Submitted by admin on April 22, 2009 - 23:08
HAWKE'S BAY PROVINCE AND PROVINCIAL DISTRICT
Except for some shore-based whalers, only about 20 Europeans in all were living in Hawke's Bay by 1850. In 1844 William Colenso, surely the most colourful figure in the history of the province, had founded his mission station near Port Ahuriri. He introduced fruits and grains, and soon the few early traders were buying wheat and maize as well as pigs from the Maoris, about 1,100 of whom lived near the shore of the bay.
The first two blocks of land bought by the Crown (in 1851) were the Waipukurau Block of 279,000 acres and the Ahuriri Block of 265,000 acres, and by 1856 thirty sheep stations had been established, mainly within these two blocks. A few pioneer sheep men had, however, moved in before 1851 leasing land on their own account from the Maoris. Largely through the efforts of Donald McLean, 1,200,000 acres had been bought by the end of 1856, 700,000 acres of it being occupied as runs, with 1,458 acres fenced. Livestock numbers had grown to 130,000 sheep, 3,081 cattle, and 382 horses, and 900 bales of wool were exported; the European population had risen to 980, and William Colenso had some 200 trees, mainly apples and peaches, in his orchard. Te Aute College had been founded by Samuel Williams, and the first road was built to it from Napier in 1857.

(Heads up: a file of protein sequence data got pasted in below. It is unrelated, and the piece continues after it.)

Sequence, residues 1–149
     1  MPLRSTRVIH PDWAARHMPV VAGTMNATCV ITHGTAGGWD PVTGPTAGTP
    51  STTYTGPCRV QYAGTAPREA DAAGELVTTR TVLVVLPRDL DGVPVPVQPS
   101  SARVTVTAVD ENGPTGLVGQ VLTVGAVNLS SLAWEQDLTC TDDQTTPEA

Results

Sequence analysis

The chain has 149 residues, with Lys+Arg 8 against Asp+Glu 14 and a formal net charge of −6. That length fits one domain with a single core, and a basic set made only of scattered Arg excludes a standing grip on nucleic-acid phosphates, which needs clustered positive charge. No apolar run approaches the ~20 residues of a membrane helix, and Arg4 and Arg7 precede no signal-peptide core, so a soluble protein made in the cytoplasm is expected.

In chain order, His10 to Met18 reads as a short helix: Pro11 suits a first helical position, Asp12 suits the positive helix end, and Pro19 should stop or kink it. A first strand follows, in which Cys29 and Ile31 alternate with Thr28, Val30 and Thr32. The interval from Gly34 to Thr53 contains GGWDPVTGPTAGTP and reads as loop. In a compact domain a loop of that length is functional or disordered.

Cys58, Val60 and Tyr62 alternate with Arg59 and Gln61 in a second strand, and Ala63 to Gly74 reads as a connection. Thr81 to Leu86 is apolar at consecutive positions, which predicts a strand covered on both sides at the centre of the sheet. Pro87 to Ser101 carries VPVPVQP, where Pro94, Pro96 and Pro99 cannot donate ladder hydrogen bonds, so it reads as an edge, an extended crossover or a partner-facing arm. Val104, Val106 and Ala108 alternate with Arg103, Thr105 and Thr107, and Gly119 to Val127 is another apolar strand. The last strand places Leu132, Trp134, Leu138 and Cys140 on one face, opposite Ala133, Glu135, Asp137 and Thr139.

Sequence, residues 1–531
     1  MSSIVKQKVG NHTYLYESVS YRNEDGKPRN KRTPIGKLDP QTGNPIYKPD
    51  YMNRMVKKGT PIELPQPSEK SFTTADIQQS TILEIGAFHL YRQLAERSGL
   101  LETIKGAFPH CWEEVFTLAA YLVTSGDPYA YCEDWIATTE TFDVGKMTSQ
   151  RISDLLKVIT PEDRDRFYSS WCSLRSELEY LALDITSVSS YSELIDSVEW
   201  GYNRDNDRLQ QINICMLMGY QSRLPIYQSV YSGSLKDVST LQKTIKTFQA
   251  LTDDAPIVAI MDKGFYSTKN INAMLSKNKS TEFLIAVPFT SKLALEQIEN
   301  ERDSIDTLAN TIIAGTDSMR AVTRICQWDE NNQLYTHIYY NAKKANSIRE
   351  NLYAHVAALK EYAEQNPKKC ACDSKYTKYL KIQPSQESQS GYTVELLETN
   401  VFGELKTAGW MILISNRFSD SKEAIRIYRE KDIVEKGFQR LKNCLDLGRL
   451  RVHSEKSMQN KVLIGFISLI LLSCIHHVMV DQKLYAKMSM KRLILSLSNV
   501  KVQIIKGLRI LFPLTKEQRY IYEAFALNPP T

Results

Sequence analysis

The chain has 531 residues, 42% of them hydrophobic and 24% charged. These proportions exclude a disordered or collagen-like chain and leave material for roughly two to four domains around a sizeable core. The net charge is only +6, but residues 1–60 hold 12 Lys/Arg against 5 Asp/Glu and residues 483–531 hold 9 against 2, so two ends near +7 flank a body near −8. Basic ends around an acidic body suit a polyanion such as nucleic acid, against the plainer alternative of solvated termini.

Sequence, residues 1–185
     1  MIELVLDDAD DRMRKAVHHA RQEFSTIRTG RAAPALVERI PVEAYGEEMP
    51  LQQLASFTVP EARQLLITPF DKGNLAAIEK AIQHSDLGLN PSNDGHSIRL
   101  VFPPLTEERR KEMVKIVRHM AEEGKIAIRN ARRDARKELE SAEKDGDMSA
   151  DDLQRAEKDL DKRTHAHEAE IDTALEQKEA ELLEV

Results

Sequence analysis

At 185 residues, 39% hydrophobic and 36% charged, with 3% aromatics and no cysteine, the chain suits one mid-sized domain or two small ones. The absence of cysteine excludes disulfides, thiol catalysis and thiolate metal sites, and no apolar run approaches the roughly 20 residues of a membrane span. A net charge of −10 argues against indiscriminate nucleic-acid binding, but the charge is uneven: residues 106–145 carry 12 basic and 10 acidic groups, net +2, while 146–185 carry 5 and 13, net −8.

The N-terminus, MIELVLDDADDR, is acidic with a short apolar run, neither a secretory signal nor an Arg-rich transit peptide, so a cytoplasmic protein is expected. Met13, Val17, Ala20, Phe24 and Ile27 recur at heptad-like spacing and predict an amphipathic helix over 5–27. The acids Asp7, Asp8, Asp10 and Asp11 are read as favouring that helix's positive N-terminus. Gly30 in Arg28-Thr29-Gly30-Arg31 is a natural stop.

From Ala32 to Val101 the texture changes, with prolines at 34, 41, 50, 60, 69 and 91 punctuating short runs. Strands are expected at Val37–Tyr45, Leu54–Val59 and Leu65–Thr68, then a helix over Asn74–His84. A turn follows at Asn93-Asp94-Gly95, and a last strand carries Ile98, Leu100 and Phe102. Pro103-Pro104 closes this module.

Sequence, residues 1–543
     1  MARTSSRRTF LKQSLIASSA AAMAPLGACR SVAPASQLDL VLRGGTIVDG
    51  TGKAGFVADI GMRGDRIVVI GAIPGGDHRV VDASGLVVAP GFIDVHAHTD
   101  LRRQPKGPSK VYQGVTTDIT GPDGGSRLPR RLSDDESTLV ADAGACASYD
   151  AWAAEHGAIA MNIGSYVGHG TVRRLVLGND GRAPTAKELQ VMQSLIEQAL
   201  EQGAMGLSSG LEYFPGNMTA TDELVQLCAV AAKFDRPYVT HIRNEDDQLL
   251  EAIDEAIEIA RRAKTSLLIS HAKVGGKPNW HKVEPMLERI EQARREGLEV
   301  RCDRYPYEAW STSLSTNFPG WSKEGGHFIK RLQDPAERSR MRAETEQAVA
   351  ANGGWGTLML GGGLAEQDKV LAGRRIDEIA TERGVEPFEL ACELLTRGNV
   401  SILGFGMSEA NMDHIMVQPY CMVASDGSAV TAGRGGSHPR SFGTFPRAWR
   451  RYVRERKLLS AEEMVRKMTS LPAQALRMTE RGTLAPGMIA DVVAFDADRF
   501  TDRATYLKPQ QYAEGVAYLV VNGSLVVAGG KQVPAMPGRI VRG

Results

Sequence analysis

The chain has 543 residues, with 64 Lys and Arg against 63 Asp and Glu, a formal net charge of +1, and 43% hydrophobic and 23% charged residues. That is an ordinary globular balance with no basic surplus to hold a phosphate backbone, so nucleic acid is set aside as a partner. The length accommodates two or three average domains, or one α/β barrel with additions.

It was this handful of settlers who, feeling isolated and neglected by the Wellington Provincial Council, founded a province of their own to manage their own affairs. By the time of the public meeting in Napier in February 1858, when the decision to “secede” from Wellington was taken, the total European population was estimated to have increased to 1,185. So Wellington lost about one-third of its area and nearly 1,200 of its early settlers.